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The Controversy of Looter Shooters, and is Witchfire One?

A short talk on what's good and what's bad about the looters shooters, and addressing the elephant in the room.

A short talk on what's good and what's bad about the looters shooters, and addressing the elephant in the room.

I asked a few people how they define a looter shooter and each gave me a different answer. “A game about amassing loot”, “A power-up/levelling grind”, “a shooter with RPG elements”.

They’re all right. You can find such a definition on Wikipedia:

Loot shooters are shooter games where the player’s overarching goal is the accumulation of loot; weapons, equipment, armor, accessories and resources. To achieve this players complete tasks framed as quests, missions or campaigns and are rewarded with better weapons, gear and accessories as a result, with the qualities, attributes and perks of such gear generated randomly following certain rarity scales (also known as loot tables). The better gear allows players to take on more difficult missions with potentially more powerful rewards, forming the game’s compulsion loop.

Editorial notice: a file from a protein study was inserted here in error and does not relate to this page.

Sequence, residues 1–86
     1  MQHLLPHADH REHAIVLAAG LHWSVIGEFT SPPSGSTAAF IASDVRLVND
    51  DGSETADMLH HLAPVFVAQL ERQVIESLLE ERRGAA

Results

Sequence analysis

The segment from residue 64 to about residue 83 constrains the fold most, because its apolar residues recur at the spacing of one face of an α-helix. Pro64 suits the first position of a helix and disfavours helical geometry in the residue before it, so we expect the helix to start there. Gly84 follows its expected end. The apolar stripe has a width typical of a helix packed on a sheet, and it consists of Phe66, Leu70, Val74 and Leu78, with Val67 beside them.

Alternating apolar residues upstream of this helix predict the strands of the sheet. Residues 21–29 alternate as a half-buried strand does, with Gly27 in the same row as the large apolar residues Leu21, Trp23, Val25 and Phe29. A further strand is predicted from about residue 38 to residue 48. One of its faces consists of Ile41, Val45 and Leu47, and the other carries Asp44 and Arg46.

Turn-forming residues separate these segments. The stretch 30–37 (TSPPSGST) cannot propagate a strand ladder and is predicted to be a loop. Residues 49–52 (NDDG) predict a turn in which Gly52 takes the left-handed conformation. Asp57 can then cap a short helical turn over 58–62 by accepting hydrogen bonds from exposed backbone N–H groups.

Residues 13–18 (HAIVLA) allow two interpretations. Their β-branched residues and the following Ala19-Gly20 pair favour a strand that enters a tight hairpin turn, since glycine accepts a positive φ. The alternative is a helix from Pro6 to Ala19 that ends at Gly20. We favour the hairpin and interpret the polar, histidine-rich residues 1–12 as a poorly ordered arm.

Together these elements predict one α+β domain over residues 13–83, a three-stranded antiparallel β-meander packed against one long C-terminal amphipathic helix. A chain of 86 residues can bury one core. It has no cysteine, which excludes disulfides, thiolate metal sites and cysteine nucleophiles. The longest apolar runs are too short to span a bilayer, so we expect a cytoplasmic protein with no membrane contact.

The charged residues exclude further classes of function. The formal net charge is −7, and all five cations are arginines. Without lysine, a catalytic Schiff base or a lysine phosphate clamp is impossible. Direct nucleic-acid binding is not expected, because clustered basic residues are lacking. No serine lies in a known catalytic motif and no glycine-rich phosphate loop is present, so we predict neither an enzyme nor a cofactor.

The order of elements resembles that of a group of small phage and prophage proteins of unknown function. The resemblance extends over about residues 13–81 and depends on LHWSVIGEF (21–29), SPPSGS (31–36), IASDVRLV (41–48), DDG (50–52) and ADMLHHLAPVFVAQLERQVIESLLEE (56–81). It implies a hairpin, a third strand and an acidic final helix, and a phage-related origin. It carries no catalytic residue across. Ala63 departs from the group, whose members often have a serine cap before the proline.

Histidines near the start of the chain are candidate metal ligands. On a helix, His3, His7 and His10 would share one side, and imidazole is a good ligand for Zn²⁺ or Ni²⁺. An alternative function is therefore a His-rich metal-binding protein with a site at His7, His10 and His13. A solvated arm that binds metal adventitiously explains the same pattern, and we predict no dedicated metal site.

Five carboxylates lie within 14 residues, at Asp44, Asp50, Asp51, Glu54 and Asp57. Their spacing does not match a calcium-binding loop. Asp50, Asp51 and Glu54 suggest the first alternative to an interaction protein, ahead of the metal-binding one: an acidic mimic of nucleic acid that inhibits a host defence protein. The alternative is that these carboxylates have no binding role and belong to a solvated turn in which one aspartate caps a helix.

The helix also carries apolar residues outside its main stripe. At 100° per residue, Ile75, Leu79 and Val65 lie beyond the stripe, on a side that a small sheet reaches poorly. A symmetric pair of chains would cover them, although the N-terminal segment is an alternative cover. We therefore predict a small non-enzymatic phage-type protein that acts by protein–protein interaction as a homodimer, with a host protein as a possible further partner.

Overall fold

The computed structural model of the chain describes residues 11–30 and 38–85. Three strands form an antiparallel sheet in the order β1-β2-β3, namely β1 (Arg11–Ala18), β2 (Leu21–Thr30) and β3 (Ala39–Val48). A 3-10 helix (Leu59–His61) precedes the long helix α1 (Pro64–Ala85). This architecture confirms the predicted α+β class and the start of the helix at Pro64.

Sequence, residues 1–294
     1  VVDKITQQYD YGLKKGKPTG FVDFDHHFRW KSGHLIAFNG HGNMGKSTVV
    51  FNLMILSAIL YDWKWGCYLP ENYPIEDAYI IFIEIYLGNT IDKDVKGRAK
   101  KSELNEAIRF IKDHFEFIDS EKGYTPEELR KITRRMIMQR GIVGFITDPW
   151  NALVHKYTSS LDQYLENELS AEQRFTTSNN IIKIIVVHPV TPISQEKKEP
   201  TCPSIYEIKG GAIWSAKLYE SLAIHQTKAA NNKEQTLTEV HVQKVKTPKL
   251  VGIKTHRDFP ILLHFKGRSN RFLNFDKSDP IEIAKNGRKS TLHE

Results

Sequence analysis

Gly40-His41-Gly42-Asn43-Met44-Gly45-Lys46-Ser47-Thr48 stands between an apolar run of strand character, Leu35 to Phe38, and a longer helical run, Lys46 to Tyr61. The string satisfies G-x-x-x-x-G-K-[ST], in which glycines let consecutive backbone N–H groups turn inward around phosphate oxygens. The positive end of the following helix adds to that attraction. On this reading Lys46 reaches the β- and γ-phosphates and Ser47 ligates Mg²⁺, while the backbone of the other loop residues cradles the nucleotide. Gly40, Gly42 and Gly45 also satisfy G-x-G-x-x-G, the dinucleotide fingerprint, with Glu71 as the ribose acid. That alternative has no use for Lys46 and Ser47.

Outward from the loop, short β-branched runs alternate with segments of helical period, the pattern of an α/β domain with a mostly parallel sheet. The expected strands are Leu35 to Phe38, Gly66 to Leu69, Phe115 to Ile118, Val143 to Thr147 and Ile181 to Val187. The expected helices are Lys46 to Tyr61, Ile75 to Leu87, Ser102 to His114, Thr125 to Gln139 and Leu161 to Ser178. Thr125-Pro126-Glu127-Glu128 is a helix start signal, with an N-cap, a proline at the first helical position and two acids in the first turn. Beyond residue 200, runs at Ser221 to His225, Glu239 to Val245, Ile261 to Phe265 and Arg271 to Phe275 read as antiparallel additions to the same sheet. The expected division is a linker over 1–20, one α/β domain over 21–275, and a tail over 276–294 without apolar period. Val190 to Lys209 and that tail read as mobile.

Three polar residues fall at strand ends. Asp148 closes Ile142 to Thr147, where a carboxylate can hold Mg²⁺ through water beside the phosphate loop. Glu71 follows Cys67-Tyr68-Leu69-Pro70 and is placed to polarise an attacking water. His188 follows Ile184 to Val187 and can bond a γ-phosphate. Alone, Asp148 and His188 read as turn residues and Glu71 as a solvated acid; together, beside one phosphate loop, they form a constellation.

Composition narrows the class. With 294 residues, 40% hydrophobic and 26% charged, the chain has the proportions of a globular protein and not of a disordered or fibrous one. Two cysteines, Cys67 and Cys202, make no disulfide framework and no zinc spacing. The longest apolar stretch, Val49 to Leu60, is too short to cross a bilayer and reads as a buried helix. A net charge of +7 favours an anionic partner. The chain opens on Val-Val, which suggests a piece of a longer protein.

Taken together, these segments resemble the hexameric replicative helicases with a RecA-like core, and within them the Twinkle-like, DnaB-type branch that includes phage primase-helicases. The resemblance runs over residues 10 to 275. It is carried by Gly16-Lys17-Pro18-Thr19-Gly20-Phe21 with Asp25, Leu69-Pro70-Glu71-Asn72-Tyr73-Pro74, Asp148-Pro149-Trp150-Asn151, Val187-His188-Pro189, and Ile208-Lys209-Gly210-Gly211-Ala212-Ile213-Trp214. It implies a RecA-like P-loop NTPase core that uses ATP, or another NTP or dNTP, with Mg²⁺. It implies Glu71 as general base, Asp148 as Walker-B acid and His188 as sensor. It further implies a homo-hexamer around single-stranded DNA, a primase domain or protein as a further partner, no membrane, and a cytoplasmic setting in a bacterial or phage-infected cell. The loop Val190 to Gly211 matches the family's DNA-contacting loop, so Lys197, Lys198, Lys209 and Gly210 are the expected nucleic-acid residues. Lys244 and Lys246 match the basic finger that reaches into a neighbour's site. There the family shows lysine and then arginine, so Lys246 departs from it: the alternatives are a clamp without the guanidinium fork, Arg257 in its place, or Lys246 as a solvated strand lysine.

This is also pretty good:

So, on the surface there’s nothing wrong with the genre. Yet somehow we got these comments under our latest video:

Some of that is the inevitable and unfortunate byproduct of showing work-in-progress stuff – we got (justified) comments on the game being too bright and colorful, the HUD taking too much space, etc. – but the looter shooter comments got us a bit puzzled.

I researched the subject and found out that…

(Some) people dislike looter shooters for two major reasons.

The first reason is HUD and UI, with their damage numbers and health bars and such. They “ruin the mood”. I will write a separate post on the subject but meanwhile, a gentle reminder that this game also features the aforementioned but the mood was untouched: